The surgical procedure depends on the individual conditions, the desired type of restoration as well as on the preferences of the patient and dental practitioner/surgeon. It may thus vary from a one step surgery to a several steps procedure.
Placement of dental implants is a surgical procedure and carries the general risks of surgery.
After examination and planning your surgeon will propose the procedure that bears the lowest risk and should be the most convenient for you.
Loss of a tooth significantly affects dental aesthetics and chewing function. Even if smaller gaps – especially in non-visible areas – are tolerated by many patients, it is important to know about the long term consequences. Over time in many cases the adjacent teeth slowly incline towards the gap and/or the antagonist tooth of the opposing jaw elongates. These effects over time will disrupt chewing movements and, as a consequence, jaw joint issues arise. It is much smarter to prevent those problems by timely replacing the lost tooth with a dental implant. Whereas with conventional treatment the adjacent teeth have to be grinded down in order to fix a bridge, with Implantology treatment the missing tooth can be replaced without damaging the neighbouring teeth.
See a typical treatment illustrated below:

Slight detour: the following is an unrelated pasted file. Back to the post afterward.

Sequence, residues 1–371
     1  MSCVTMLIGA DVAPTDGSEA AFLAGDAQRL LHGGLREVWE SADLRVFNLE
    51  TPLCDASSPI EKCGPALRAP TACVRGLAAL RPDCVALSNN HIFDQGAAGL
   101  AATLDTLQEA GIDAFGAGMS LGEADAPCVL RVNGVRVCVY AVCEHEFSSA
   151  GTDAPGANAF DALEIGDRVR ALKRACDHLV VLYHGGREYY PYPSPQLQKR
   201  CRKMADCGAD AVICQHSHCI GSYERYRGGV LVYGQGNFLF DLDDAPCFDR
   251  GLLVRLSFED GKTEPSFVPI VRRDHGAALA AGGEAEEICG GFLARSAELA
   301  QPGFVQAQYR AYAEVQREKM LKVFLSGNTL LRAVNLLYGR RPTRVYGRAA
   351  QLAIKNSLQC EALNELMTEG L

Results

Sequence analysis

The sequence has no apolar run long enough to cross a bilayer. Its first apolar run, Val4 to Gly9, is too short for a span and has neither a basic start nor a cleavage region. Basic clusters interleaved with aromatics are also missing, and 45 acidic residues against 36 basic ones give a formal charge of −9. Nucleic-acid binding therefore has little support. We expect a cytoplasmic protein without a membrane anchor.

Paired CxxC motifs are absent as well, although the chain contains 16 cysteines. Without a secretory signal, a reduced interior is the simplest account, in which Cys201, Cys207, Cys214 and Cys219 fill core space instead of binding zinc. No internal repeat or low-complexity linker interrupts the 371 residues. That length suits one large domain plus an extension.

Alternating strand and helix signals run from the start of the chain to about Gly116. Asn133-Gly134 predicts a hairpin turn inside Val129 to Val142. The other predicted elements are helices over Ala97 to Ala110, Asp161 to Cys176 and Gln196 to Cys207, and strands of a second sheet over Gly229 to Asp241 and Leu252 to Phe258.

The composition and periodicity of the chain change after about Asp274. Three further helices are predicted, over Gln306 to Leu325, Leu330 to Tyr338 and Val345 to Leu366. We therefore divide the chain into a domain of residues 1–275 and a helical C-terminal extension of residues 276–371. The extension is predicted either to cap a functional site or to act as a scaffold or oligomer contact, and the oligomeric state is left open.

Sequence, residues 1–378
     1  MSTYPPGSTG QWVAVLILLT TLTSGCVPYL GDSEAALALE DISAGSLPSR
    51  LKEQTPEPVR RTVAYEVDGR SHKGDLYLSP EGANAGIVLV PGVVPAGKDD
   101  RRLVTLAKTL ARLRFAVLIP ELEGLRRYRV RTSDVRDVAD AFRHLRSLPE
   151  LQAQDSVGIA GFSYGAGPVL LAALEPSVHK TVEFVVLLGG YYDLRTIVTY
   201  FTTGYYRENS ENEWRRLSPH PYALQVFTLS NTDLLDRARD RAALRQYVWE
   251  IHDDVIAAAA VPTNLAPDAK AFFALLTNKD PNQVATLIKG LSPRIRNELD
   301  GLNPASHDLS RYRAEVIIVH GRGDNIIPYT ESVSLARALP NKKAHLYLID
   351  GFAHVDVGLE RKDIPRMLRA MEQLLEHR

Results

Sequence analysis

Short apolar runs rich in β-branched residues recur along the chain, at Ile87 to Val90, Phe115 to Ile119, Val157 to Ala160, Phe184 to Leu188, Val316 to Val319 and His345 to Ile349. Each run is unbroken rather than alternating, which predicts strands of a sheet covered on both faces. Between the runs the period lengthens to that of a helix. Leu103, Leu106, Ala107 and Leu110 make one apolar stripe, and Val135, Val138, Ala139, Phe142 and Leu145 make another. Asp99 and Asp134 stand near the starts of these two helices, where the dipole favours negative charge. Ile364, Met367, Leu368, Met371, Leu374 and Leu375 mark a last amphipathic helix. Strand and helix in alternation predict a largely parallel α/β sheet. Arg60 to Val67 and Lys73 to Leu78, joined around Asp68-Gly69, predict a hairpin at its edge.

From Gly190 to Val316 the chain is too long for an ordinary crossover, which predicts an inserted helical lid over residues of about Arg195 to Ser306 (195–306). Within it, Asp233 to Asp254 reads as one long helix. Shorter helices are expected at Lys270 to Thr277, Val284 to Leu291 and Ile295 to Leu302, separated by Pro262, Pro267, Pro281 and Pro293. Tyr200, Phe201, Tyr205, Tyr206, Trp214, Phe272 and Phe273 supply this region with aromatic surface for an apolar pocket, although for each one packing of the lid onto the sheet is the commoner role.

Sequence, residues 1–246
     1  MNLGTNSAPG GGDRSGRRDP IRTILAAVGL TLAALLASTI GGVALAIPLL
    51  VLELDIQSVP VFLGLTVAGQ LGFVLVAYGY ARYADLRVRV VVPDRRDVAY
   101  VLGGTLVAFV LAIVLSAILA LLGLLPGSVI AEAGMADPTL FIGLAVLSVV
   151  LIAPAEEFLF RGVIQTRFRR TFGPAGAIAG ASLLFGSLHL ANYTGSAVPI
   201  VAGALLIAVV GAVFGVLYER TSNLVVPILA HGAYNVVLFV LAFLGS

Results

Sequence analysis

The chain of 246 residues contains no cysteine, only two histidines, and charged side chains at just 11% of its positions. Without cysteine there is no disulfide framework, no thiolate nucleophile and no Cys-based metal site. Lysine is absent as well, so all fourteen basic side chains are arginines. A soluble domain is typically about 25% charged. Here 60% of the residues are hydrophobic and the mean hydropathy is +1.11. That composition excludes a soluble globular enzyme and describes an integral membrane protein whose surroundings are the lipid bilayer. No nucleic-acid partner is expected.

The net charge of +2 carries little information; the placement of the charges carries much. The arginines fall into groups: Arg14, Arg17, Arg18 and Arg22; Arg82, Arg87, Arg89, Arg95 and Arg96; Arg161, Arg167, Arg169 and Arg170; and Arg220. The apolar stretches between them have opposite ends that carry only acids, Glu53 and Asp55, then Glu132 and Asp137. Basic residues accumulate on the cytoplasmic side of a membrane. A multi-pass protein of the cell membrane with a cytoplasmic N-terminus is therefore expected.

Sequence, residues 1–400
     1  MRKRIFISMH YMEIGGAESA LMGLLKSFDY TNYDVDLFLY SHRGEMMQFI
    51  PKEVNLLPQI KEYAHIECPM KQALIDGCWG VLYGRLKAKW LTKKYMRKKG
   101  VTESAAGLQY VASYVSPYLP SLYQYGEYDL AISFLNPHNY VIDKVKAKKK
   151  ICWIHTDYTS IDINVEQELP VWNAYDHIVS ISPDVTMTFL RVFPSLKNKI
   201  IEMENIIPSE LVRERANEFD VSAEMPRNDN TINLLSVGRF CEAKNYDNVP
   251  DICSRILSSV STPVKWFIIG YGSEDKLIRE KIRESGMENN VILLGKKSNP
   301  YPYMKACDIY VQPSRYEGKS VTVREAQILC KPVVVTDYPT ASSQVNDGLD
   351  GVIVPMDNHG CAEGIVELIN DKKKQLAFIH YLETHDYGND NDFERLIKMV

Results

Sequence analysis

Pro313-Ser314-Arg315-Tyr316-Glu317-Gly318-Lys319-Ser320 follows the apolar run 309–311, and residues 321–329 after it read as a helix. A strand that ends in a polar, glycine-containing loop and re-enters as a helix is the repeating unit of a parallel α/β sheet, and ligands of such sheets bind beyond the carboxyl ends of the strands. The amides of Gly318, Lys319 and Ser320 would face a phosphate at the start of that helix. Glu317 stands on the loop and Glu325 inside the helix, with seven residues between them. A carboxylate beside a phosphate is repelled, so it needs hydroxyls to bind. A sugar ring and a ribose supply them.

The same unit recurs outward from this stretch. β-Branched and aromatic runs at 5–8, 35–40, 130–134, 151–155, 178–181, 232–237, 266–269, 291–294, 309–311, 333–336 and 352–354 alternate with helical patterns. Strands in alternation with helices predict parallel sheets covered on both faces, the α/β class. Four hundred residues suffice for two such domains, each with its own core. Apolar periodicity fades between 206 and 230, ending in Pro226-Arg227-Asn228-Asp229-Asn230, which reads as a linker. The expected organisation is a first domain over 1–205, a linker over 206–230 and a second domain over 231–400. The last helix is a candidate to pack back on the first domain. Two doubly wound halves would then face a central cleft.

Picture 2: initial situation, missing molar
Picture 3: implant inserted
Picture 4: an artificial die (abutment) is fixed on the implant by screw connection
Picture 5: a (ceramic) crown is fixed on the die and replaces the missing tooth
Depending on the individual situation, the treatment period can vary from a one‐stage procedure with an immediate implant placement to a several stage restoration with healing periods included. Your dentist will carefully evaluate which method is the best in your individual case.
Loss of several teeth results in poor chewing ability with consequences for health and quality of life that should not be underestimated. The above mentioned considerations of course are even more applicable as the gap is wider.
But also in such cases an Implant-based restoration can be a convenient solution, either based only on implants or combined with existing abutment teeth. The treatment methods in general are the same as described in the single tooth case above. For a better under- standing find below the respective series of pictures which show the case of an implant-based bridge.